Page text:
ORDINARY DIFFERENTIAL EQUATIONS  
MATH7005  3 UG GR CR 
Prerequisite:  See your college advisor for details. 
Text:  Differential Equations and Dynamical Systems, 3e by Perko 
Linear systems: linear systems with constant coefficients, phase portraits and dynamical classification, linear systems and exponentials of operators, linear systems and canonical forms of operators. Fundamental theory: existence and uniqueness, continuity and differentiability of solutions in initial conditions, extending solutions, global solutions. Nonlinear systems: nonlinear sinks and sources, hyperbolicity, stability, limit sets, gradient and Hamiltonian systems, other topics at instructor's discretion. 
PARTIAL DIFFERENTIAL EQUATIONS  
MATH7006  3 UG GR CR 
Prerequisite:  See your college advisor for details. 
Text:  Partial Differential Equations, 2e by Evans 
Transport equations: smooth and nonsmooth solutions. Laplace equation: meanvalue property, smoothness, maximum principle, uniqueness of solutions, Harnack inequality, Liouville theorem. Poisson Equation: Fundamental solution, Greens functions, energy methods. Heat Equation: Fundamental solution, maximum principle, uniqueness of solutions on a bounded domain, Duhamel's principle, energy methods. Wave equation: Fundamental solutions in 1, 2, and 3 dimensions, energy methods, finite propagation speed. Nonlinear firstorder equations: Characteristic ODEs, local existence of smooth solutions, conservation law equations, shocks, rarefaction, integral solutions. Additional topics (traveling waves, Fourier transform, etc.) at instructor's discretion. 
TOPICS IN APPLIED STATISTICS 

STAT7020  
Prerequisite:  STAT6021, STAT6022, STAT6031 or see the professor 
Text:  Categorical Data Analysis, 3e by Agresti Regression Analysis of Count Data, 2e by Cameron and Trivedi 
This graduate level course covers methodology and its application of survey sampling: fundamental sampling theories, practical guidance to conduct sample surveys (with using statistical software), and methodological arguments. 
LINEAR MODELS AND MULTIVARIATE ANALYSIS I  
STAT7021  3 UG GR CR 
Prerequisite:  Minimum Grade of: C in STAT6022 & STAT6032 or 15 STAT 523 & 15 STAT 533. 
Text:  TBD 
The course will cover multivariate normal distribution, distributions of quadratic forms, theory of Analysis of variance as applied to linear regression in fullrank models, estimability and testability in nonfullrank models, and generalized inverse and its use in such models, various types of sums of squares in ANOVA of designed models, associated estimable and testable functions in balanced and unbalanced designs with fixed effects, random effects and mixed effects, and nested and crossed factors. Estimation and testing of fixed effects and variance components using ANOVA Sums of Squares will be covered. SAS will be extensively used to apply these concepts with real data.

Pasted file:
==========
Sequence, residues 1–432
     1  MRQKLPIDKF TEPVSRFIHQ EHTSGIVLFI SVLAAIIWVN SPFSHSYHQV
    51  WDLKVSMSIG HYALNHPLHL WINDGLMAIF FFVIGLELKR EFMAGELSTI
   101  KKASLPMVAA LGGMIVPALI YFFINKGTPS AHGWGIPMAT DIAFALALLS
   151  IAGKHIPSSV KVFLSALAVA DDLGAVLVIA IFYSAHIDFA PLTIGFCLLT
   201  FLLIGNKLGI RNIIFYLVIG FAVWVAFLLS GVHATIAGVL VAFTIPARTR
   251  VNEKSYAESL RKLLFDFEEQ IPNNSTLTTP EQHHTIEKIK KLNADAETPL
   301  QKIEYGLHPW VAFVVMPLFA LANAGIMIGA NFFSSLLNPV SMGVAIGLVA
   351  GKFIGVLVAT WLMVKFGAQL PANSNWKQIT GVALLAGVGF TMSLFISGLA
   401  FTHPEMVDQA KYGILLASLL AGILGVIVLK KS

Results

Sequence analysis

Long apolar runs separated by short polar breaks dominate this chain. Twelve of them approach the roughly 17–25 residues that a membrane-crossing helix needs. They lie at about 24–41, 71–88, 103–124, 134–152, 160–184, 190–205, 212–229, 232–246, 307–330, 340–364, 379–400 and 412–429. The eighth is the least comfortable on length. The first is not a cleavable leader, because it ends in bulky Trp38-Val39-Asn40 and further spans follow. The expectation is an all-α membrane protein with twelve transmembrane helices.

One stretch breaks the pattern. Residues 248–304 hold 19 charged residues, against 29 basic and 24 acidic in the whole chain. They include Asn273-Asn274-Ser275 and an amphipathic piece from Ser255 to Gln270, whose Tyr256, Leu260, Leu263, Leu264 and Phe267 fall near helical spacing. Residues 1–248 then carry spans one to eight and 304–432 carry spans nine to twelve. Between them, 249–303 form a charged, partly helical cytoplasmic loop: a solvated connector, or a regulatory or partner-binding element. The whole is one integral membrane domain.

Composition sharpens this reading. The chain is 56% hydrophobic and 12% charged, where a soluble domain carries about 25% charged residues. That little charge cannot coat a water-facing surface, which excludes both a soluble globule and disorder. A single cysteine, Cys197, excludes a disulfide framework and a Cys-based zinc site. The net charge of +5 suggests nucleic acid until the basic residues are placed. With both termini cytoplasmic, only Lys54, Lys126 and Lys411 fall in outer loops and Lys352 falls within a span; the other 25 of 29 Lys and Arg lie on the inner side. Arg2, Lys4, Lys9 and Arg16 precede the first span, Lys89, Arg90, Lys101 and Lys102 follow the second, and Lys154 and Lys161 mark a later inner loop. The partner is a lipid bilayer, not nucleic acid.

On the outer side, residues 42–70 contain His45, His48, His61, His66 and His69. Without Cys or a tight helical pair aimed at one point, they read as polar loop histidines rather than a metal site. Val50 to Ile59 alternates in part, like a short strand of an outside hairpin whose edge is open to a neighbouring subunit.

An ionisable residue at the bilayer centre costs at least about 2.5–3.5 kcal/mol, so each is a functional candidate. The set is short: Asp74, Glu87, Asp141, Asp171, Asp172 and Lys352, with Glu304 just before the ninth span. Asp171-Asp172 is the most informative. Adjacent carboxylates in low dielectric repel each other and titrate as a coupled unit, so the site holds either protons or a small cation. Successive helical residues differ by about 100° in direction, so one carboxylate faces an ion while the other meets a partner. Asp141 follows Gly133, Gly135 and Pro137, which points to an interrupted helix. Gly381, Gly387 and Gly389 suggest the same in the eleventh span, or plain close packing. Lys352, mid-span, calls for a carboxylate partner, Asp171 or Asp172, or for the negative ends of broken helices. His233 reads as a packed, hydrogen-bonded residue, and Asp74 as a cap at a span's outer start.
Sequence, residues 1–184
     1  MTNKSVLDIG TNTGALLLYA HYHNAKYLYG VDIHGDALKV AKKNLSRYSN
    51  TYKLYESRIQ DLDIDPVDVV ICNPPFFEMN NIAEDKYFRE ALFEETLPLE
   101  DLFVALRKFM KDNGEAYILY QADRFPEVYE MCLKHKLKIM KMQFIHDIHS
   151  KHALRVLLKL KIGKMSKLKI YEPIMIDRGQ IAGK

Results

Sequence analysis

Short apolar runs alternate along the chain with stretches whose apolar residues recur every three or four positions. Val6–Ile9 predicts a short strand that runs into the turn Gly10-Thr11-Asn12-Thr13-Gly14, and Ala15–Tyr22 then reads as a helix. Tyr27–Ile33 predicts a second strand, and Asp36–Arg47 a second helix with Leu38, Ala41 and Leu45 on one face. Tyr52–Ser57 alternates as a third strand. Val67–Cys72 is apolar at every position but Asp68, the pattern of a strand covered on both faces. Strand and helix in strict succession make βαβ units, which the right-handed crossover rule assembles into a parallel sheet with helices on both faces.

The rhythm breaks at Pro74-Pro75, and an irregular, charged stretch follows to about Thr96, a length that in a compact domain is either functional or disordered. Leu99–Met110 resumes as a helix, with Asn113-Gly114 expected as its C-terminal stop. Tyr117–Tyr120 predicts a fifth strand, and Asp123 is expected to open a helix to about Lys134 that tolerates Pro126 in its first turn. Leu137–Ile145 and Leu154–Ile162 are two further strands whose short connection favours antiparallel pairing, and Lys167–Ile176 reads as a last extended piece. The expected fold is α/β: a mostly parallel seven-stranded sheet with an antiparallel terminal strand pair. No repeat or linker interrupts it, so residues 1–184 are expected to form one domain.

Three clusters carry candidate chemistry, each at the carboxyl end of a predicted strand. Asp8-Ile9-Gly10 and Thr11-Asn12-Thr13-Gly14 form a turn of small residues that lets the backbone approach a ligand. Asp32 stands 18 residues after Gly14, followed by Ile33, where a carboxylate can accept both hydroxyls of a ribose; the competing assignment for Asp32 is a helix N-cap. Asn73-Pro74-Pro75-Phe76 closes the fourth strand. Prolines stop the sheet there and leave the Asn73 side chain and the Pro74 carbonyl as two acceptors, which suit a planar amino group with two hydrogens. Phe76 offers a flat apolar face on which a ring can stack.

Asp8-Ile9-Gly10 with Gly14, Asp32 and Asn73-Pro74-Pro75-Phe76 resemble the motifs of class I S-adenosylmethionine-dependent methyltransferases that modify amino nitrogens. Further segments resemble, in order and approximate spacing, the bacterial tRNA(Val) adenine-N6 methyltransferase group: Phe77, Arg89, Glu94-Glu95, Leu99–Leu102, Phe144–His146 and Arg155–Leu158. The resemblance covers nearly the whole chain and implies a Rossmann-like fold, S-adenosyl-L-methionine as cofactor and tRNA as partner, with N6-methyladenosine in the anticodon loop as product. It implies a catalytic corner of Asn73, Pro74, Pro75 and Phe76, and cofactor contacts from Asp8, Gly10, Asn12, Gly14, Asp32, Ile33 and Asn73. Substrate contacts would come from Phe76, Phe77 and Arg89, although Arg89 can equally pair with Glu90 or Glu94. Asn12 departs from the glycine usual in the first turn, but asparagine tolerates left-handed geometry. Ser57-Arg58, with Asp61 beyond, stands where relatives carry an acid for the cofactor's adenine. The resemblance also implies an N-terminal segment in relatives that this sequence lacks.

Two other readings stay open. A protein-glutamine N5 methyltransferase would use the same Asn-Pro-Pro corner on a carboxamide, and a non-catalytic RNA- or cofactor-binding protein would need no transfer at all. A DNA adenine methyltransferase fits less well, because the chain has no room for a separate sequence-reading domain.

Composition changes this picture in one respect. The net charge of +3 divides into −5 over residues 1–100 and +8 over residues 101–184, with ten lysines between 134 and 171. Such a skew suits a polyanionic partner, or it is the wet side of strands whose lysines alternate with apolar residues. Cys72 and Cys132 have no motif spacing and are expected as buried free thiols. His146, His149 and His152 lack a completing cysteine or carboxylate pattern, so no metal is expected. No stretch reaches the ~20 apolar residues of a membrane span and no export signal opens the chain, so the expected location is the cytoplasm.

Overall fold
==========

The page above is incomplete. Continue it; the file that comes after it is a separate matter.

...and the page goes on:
LINEAR MODELS AND MULTIVARIATE ANALYSIS II  
STAT7022  3 UG GR CR 
Prerequisite:  STAT7021 
Text:  TBD 
A continuation of STAT7021. 
LINEAR MODELS AND MULTIVARIATE ANALYSIS I  
STAT7023  
Prerequisite:  STAT6031 & STAT6032 
Text:  Design and Analysis of Experiments, 8e by Montgomery Applied Mulitvariate Statistical Analysis (2012) by Johnson & Wichern 
This course will cover the following topics in depth: Random Effect Model; Mixed Model; Repeated Measure Model; Principal Component Analysis; Factor Analysis; Discriminent Analysis. 
STATISTICAL THEORY  
STAT7031  3 UG GR CR 
Prerequisite:  Minimum Grade of: C in STAT6022 or 15 STAT 523 
Text:  Theory of Point Estimation (2003) by Lehmann & Casella 
The course will cover the following topics in depth: Distribution theory, Estimation, Hypotheses testing, Asymptotic behavior of statistics, basics of Bayesian methods, and Decision theory. 
PROBABILITY  
STAT7032  3 UG GR CR 
Prerequisite:  A good knowledge of multivariable calculus and an introduction to analysis is a must. Advanced Calculus (MATH 6001/6002), Mathematical Statistics (STAT 6021/6022), or equivalent is recommended. 
Text:  TBD 
Measure theoretic foundations of probability: random variables, expected value (Lebesgue integral). Laws of large numbers, weak convergence. Characteristic functions, central limit theorem. Conditional probability, conditional expectation. Students will be expected to have a strong background in theoretical mathematics or statistics. 
FUNCTIONAL ANALYSIS  
MATH8003  
Prerequisite:  MATH6001, MATH6002, MATH6003 required MATH7002 or MATH7004 recommended 
Text:  Real Analysis, Modern Techniques and Their Applicaiton, 2e by Folland A Short Course on Spectral Theory (2002) by Arveson 
This course develops some of the theory of infinite dimensional linear algebra. As it turns out, the task requires extensive use of topological concepts like continuity, open/closed sets, and convergence, as well as bits of complex analysis. Topics include: Banach Spaces, examples including L^{p} spaces, continuous functions, smooth functions, brief introductions to Hilbert spaces. Linear maps between Banach spaces. Duality. Weak, weak*, and operator topologies. Introduction to Banach Algebras. The spectrum and spectral radius of an element. Abelian algebras, Gelfand theory of representations. Time permitting, spectral measures adn functional calculus, or else compact and Fredholm operators. 
ALGEBRAIC GEOMETRY  
MATH8005  3 UG GR CR 
Prerequisite:  See your college advisor for details. 
Text:  No book needed at this time